Steve White explains how council highways departments can break free of existing data silos and help make it happen
Local authorities put a great deal of time and money each year into maintaining and developing the nation’s highways and surrounding infrastructure. There is much to be gained from coordinating activities that help keep these assets in optimum condition and informing the public of work intended and/or completed. Think of the benefit, for example, if green spaces teams could collaborate with highways departments, not only to plan more aesthetically pleasing road schemes but also help with their ongoing maintenance.
Unfortunately, the reality for many is that individual departments and service areas continue to work in isolation, drawing on their own siloed data and relying exclusively on their own teams of people.
Barriers to transformation
Departments tend to have a narrow focus on their own area of activity and responsibility. While they may desire to utilise a broader set of information to improve their decision-making, there are a number of barriers in the way.
First, the software applications used by individual departments are, typically, specific to each service area and may require specialist knowledge to use effectively. They are also generally locked down via account profiles and permissions, and incorporate different user interfaces. All this makes it difficult for other departments or users across the organisation to access and make use of them. This, in itself, limits knowledge-sharing, but it also makes cross-training and skilling of other users across the organisation challenging.
These departmental applications rarely incorporate mechanisms to facilitate data sharing on a real-time basis, and departments themselves can be very protective about ‘their’ data. With data ‘locked’ within such silos, and with limited or non-existent ways of sharing it in real-time, opportunities to utilise information across departments to maximise efficiencies and transform service delivery are lost. It can also result in multiple copies of the same or similar data being maintained across the organisation, thereby wasting time and effort that could be better deployed in other ways.
Having a common data set would enable multiple departments to make the most of each other’s data to make better decisions and improve highways maintenance activities. For example, by combining data relating to gullies, roads, arboreal services and historical flood data, authorities could compare historical events with the predicted impact of leaf fall and tree debris. This would help identify and optimise gulley cleansing activity to minimise future blockages and flooding.
Finding a way forward
So what’s the answer? How can those responsible for highways and surrounding infrastructure across the UK start to break down data silos and connect teams to help drive digital transformation?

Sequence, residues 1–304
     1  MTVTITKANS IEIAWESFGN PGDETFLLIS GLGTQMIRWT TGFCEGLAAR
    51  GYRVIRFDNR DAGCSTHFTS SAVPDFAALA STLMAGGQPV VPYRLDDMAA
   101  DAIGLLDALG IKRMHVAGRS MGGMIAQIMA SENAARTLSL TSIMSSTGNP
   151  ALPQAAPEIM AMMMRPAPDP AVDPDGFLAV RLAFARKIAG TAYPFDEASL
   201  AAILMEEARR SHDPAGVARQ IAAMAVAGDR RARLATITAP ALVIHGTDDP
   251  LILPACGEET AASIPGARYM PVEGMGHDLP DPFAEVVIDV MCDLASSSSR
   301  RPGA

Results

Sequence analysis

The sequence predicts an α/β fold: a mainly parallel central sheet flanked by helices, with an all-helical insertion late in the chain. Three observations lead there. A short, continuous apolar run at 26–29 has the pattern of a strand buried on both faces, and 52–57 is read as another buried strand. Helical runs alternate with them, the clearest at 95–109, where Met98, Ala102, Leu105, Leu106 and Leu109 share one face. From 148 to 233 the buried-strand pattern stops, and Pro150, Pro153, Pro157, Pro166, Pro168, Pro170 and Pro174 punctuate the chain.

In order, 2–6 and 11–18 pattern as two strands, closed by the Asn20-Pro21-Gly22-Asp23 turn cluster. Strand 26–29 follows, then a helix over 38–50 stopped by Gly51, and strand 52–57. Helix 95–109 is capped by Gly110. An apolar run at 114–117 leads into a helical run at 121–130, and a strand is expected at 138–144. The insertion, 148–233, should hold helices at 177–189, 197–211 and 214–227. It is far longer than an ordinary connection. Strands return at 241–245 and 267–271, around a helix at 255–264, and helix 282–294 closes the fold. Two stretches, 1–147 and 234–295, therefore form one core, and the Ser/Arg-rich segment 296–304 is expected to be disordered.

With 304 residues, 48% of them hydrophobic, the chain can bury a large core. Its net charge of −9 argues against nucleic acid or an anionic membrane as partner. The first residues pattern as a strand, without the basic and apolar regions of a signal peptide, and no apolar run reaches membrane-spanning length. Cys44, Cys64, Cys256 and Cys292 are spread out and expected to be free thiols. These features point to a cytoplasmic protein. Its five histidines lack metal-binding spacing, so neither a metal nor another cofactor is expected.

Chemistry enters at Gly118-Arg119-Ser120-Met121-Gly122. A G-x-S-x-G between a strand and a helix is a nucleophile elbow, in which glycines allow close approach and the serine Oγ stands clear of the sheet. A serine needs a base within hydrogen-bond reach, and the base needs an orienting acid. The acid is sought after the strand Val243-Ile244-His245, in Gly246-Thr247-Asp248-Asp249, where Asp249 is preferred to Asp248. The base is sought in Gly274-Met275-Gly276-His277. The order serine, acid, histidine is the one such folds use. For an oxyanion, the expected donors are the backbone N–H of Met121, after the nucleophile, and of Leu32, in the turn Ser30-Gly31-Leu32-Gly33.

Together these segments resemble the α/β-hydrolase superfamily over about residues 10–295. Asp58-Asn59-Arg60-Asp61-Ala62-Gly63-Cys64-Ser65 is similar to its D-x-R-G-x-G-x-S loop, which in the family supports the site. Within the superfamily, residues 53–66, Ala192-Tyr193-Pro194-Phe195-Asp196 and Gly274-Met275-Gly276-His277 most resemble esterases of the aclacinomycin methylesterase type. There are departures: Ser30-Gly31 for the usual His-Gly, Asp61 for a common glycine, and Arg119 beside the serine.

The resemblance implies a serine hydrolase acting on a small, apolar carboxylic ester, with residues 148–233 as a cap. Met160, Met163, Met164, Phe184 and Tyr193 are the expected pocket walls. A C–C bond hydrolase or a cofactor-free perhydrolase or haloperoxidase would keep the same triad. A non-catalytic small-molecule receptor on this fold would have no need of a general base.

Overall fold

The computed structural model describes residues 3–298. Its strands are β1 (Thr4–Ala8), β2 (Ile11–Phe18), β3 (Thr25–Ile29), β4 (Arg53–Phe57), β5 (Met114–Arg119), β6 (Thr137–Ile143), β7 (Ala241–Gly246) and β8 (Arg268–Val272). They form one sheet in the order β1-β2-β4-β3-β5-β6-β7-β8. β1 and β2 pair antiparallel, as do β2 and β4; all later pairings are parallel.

Ultimately, it comes down to better use of technology, processes and people. One particular way in which businesses can break down data silos and connect teams is to adopt a common data set and single application across all service areas. This means data is shared and can be layered and reported upon to generate forecasts, spot trends and institute preventive measures.
By having an open Application Programming Interface (API), data can be shared between different systems to ensure efficient end-to-end processes are implemented. There is only one version of the truth, and multiple sources of the same data do not need to be maintained across the organisation.
Additionally, using a common mobile and desktop User Interface/User Experience (UI/UX) and a common way of leveraging the application, cross-skilling and deploying resources is made quicker and more efficient. Allowing data to be augmented in this way across different service areas brings greater insight, resulting in greater value to the organisation and its customers.
The Digital Future
Many organisations are trialling IoT and sensors that provide a wide variety of point solutions such as air quality, noise, temperature, asset condition or fill levels. These are effective as far as they go but, typically, only represent a small part of the story. The danger is that they simply end up as additional silos of data and information that are not available to the wider organisation.
In order to support better cross-department decision making, the data from a wide range of IoT devices needs to be assimilated into a single application that allows users across the organisation to see and make decisions in combination with other data sources and multi-departmental activity.
We are now seeing more local authority departments, including highways and infrastructure teams, looking to deploy multiple sensor types and combine their data with other information to make smarter decisions. This ability to trigger specific activity based on combining the results of multiple data feeds means that new insights and efficiencies can start to be realised.
The potential to support cross-departmental ways of working and benefit the maintenance and development of our highways infrastructure long into the future is clearly ready to be realised. Highways departments need to take note, and adapt their working practices to take full advantage.
Steve White is head of digital transformation accounts at asset management software and services provider Yotta (https://weareyotta.com/) based in Leamington Spa, Warwickshire